“He has been driven to this and I think that he feels like he is making a stand for everyone that has been faced with the unfair bedroom tax. I am very worried about him.”
Nigel Fenton, managing director of Hyndburn Homes, said:
“Any repossession of a tenant’s home is always an absolute last resort and would only happen after we have repeatedly attempted to resolve the issues and help them.
“We always try to support our tenants and assist them in any way that we can. We would always urge our tenants to discuss problems with us so that we can provide our support.
“Staff from Hyndburn Homes were at the scene and worked with the emergency services to ensure the safety of residents in the area.
“We have been made aware of gas cylinders at the rear of the property and we have been working with officers from the council to resolve this matter.”
A spokesman for Lancashire Police said:
“We were very concerned as there was a suggestion that there was petrol inside the property and we had also heard reports that he had a large number of gas canisters with him.
“We sent a negotiator in to reason with him but eventually, a decision was taken to enter the house and detain the man.”
Source – Welfare News Service, 05 June 2014
A Commons inquiry has backed warnings from Newcastle City Council that cuts to housing benefit are causing hardship for families with children and disabled people – while failing to free up housing stock.
MPs are warning that cuts in benefits paid to social housing tenants who are considered to have a spare bedroom has caused “severe financial hardship and distress to vulnerable groups”.
The policy, known by critics as the “bedroom tax”, was designed to free up larger properties for families who need them most by encouraging council or housing association tenants with spare rooms to downsize.
But the Commons Work and Pensions Committee – which has Labour, Conservative and Lib Dem members – highlighted warnings from Newcastle City Council that there simply aren’t enough smaller properties for people to move into.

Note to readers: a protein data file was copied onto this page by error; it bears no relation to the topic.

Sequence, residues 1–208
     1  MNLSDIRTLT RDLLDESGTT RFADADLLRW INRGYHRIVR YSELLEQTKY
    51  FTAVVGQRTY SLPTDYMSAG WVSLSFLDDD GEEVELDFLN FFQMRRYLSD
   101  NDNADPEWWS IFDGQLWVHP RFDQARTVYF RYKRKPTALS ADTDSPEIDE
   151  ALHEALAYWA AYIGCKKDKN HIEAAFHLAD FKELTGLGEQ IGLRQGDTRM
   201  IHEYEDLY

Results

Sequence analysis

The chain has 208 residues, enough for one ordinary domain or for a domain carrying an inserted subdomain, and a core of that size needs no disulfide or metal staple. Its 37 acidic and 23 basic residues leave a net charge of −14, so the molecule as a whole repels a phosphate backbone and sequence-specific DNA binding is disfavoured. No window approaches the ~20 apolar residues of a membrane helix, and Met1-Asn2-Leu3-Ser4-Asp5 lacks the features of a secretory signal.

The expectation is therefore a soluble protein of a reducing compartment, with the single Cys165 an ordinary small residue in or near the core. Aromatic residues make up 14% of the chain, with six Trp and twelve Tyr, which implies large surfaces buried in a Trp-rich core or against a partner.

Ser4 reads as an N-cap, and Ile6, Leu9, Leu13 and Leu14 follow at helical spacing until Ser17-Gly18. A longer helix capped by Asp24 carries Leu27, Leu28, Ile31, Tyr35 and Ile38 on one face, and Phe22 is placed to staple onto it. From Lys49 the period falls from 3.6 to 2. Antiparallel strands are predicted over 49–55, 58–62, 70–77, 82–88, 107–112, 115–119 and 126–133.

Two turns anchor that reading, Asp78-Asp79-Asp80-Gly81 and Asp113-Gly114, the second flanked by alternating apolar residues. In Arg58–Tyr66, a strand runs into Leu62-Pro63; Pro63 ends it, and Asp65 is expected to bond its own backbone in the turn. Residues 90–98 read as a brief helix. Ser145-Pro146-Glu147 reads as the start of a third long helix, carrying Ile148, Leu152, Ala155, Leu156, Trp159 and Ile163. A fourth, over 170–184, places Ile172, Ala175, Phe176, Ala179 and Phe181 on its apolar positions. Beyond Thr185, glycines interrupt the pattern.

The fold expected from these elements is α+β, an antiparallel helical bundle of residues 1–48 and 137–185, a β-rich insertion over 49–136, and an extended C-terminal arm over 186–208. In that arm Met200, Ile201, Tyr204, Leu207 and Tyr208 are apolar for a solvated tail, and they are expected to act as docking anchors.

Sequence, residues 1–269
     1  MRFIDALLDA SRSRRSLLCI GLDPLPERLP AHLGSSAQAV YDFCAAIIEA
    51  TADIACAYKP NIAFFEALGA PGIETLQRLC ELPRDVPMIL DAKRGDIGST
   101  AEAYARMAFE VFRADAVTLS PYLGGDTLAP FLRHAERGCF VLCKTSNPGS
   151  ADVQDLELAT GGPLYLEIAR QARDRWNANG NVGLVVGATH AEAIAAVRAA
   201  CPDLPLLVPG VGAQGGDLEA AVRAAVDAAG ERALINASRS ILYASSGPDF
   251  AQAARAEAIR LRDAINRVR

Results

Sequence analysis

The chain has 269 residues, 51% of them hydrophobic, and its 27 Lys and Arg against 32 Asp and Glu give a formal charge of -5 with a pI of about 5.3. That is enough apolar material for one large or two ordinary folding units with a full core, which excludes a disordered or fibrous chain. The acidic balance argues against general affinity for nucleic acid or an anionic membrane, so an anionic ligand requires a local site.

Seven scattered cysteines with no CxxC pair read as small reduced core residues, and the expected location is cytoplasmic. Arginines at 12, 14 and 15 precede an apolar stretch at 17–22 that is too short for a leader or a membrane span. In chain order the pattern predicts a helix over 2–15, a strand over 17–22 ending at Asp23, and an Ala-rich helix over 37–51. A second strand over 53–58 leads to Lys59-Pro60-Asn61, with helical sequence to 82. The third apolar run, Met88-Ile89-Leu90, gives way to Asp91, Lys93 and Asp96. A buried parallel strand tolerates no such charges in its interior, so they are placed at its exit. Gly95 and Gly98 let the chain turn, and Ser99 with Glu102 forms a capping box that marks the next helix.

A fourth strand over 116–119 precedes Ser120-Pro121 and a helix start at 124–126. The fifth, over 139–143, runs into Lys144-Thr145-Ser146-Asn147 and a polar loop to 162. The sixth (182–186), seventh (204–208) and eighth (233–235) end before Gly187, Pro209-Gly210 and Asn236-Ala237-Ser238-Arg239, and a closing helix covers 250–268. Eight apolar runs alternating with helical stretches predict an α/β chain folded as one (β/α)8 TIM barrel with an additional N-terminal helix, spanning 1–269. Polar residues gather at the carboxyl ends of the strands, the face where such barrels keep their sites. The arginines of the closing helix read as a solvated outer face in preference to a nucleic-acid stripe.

The Committee published its findings after hearing evidence from a range of witnesses including Coun Joyce McCarty, Newcastle Council’s deputy leader.
The Government has published figures showing that the cost of paying housing benefit in the North East had fallen by £25m as a result of the reforms.
Housing benefit rules introduced last year allow tenants to have one bedroom for a single adult or couple, for any two children under 15 of the same gender and for any two children under nine of either gender.
Housing benefit is cut by 14% of the property’s assessed rent if they have one room deemed to be a spare bedroom and 25% if they have two.
In the North East, 50,000 households had their benefit cut, or 440 households for every 10,000 in the region – a higher proportion than any other part of the country.
MPs highlighted evidence from Newcastle, which told the inquiry that 3,233 of its tenants were on the waiting list for a one-bedroom property but only around 800 one-bedroom properties were becoming available each year, including bedsits.
Referring to the policy as the social sector size criteria (SSSC), the MPs said: “Newcastle City Council questioned whether the SSSC policy was likely to succeed in encouraging better use of social housing stock. It pointed out that in Newcastle overcrowding was not a significant issue”
“Coun McCarty made the point that the SSSC had actually led to very few overcrowded families being rehoused.”
They warned: “We understand the Government’s wish to use social housing stock more efficiently and to reduce overcrowding. However, the SSSC so far seems to be a blunt instrument for achieving this. In many areas there is insufficient smaller social housing stock to which affected tenants can move, meaning that they remain in housing deemed to be too large and pay the SSSC.”
But ministers said housing benefit reforms and the welfare cap – which means no household can receive more than £26,000 in benefits – were needed to manage soaring welfare spending, which grew by 50% in Britain in just 10 years and saw the housing benefit bill exceed £1bn in the North East alone.
Secretary of State for Work and Pensions Iain Duncan Smith said: “It was absolutely necessary that we fixed the broken system which just a year ago allowed the taxpayer to cover the £1m daily cost of spare rooms in social housing.
“We have taken action to help the hundreds of thousands of people living in cramped, overcrowded accommodation and to control the spiralling housing benefit bill, as part of the Government’s long-term economic plan.”
> “And all the stress, debt, homelessness and suicide resulting from this policy is actually good for them, they thrive on it. I’ve got figures to prove it”, he might have added…
Source – Newcastle Journal, 02 April 2014